As lawmakers hotly debated last week whether they should have a say in the CVPS and Green Mountain Power merger, the quasi-judicial body that ultimately will decide whether to approve the marriage between the state’s two largest utilities held hearings on the deal.
The controversial merger case is now before the Vermont Public Service Board, and many of the same issues legislators have been exercised about over the last few weeks are undergoing deliberative scrutiny from the three-member panel.
Gaz Metro, based in Montreal, which owns Green Mountain Power and Vermont Gas, beat out rival Canadian company, Fortis, in a bid for CVPS in July 2011. If the merger is approved, eight in 10 Vermonters will get their electricity from Green Mountain Power.
While lawmakers made political hay out of the revelation that the $21 million owed to ratepayers for bailing out CVPS in 2007 would be paid for by raising rates, the board delved into the painstaking process of examining the merger deal in a series of hearings over the last several weeks.
More details of the complex financial arrangement have come to light as a result of the proceedings.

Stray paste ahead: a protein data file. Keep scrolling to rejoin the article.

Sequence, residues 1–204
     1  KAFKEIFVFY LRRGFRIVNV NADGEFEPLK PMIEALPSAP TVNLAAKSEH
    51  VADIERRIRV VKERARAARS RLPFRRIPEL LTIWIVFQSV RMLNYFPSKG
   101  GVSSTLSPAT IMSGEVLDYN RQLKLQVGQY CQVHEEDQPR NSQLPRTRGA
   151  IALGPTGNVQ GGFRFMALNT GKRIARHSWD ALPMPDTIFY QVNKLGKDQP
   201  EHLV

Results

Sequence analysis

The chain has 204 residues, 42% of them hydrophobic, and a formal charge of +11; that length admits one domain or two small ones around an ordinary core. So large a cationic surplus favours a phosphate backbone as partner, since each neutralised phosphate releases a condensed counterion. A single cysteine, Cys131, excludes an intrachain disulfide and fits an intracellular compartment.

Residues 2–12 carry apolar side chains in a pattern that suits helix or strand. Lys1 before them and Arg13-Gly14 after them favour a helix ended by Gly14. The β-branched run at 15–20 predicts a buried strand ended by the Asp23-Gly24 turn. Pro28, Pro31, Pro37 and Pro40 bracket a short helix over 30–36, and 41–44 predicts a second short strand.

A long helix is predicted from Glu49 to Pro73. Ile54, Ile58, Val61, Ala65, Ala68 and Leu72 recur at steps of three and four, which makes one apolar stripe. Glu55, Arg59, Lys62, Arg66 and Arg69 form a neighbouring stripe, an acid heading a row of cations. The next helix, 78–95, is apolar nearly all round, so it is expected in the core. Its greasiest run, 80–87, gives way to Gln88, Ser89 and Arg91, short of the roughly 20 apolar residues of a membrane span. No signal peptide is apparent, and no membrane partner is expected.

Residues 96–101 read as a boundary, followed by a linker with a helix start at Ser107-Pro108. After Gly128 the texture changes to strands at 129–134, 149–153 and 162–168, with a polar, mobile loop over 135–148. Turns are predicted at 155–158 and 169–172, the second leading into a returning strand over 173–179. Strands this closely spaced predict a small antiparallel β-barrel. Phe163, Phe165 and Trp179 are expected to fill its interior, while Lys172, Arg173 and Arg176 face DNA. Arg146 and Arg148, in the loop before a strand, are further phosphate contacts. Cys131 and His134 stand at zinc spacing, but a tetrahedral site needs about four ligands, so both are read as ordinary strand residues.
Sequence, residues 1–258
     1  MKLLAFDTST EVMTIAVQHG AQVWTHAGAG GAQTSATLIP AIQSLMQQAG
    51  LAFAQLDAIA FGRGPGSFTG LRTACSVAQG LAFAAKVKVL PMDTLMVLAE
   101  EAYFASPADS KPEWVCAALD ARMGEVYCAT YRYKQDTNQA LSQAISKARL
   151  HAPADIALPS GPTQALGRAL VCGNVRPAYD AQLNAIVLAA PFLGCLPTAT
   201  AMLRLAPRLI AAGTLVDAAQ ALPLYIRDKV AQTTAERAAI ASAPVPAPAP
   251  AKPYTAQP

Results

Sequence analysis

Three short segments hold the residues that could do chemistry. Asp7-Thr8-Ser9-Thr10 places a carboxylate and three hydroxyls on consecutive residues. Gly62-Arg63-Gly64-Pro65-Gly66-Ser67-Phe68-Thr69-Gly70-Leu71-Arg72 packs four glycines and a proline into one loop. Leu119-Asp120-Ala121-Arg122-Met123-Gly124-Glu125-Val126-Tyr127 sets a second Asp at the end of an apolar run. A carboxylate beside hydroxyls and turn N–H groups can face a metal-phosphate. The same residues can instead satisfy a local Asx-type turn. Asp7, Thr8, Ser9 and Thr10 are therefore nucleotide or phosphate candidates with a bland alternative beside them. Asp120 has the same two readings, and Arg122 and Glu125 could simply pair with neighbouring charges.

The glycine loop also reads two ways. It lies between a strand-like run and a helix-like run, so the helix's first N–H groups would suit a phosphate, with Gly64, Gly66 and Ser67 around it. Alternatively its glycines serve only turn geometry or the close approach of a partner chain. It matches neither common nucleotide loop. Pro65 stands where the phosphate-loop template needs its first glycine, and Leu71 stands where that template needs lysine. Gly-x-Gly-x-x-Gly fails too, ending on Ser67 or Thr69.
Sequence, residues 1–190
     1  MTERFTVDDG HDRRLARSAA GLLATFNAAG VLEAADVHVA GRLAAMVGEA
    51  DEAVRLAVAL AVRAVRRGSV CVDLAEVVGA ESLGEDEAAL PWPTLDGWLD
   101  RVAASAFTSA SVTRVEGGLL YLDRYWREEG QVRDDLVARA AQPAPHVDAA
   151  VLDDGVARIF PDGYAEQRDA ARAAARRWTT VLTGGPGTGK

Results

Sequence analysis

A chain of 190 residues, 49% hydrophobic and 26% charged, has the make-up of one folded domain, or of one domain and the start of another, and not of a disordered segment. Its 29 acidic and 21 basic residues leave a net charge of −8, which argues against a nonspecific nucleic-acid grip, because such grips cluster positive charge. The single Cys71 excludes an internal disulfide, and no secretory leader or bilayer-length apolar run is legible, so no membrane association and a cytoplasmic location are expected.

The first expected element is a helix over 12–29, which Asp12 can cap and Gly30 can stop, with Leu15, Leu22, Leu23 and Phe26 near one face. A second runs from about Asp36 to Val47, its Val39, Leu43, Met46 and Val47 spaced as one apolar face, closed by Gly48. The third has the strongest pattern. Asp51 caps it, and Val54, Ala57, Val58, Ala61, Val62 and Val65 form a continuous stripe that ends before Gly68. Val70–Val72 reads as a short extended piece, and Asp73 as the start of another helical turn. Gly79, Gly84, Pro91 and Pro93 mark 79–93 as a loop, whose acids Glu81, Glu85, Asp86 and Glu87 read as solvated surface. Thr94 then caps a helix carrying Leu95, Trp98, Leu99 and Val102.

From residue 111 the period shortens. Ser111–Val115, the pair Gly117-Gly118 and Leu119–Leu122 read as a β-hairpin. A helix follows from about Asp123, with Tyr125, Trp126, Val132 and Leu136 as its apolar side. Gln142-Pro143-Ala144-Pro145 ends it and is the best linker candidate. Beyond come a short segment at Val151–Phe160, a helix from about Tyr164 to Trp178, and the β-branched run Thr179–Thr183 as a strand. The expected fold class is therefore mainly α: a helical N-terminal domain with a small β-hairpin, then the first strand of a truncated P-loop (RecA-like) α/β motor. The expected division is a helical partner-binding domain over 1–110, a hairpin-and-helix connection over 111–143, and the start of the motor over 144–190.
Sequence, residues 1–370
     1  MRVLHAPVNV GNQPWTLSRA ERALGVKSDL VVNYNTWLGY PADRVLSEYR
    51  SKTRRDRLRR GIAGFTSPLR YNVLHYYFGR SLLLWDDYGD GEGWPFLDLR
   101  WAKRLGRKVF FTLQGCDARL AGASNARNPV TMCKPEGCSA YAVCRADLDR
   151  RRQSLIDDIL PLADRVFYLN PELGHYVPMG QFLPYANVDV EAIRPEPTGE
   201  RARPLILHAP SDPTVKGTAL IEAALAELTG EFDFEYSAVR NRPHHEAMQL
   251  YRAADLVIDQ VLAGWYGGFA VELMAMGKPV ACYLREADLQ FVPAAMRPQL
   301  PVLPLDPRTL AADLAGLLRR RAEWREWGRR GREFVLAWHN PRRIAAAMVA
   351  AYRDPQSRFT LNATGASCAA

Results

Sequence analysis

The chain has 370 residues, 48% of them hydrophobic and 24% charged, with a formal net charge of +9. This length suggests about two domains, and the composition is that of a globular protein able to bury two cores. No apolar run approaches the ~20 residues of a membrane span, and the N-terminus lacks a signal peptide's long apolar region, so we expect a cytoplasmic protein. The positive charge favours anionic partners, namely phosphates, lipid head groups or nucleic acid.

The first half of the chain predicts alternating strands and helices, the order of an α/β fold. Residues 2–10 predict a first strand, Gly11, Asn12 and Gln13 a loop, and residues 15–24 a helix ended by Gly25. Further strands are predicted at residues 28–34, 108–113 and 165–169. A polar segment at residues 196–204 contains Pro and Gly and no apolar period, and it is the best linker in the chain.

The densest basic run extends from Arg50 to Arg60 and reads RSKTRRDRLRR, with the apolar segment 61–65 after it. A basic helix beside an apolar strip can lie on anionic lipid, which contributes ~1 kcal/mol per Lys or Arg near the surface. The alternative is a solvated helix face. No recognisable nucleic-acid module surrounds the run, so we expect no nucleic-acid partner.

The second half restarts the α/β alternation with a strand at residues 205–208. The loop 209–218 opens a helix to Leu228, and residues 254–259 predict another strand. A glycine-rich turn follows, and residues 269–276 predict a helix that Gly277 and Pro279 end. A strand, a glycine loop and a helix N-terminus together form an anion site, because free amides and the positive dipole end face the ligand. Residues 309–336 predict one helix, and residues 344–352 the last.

Here are a few of the findings from recent documents about the merger:
- Green Mountain Power projects total 10-year efficiency savings to be $226 million, and the company proposes to pass on $144 million of those savings to ratepayers.
- Gaz Metro would retain $82 million in savings over the first six years, most of which would be achieved through labor reductions of $110 million in the first five years. The $82 million would go toward the $524 million acquisition costs the Montreal-based corporation incurs (the total price, including CVPS debt is $702 million).
- The savings passed on to ratepayers in the first three years is $15 million and $144 million after 10 years;
- Green Mountain Power ratepayers will realize at least half of the savings;
- The board questions whether changes to the $21 million windfall distribution is a deal breaker.
The $82 million savings